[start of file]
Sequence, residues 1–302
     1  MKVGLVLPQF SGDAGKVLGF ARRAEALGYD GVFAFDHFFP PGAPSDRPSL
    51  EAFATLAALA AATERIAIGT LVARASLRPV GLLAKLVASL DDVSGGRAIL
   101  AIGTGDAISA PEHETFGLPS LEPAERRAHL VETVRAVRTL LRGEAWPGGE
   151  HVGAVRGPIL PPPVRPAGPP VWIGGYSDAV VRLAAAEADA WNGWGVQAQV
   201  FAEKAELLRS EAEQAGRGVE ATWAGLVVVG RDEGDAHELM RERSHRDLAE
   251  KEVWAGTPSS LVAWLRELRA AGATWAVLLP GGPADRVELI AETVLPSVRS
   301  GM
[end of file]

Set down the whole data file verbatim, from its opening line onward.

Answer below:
Sequence, residues 1–302
     1  MKVGLVLPQF SGDAGKVLGF ARRAEALGYD GVFAFDHFFP PGAPSDRPSL
    51  EAFATLAALA AATERIAIGT LVARASLRPV GLLAKLVASL DDVSGGRAIL
   101  AIGTGDAISA PEHETFGLPS LEPAERRAHL VETVRAVRTL LRGEAWPGGE
   151  HVGAVRGPIL PPPVRPAGPP VWIGGYSDAV VRLAAAEADA WNGWGVQAQV
   201  FAEKAELLRS EAEQAGRGVE ATWAGLVVVG RDEGDAHELM RERSHRDLAE
   251  KEVWAGTPSS LVAWLRELRA AGATWAVLLP GGPADRVELI AETVLPSVRS
   301  GM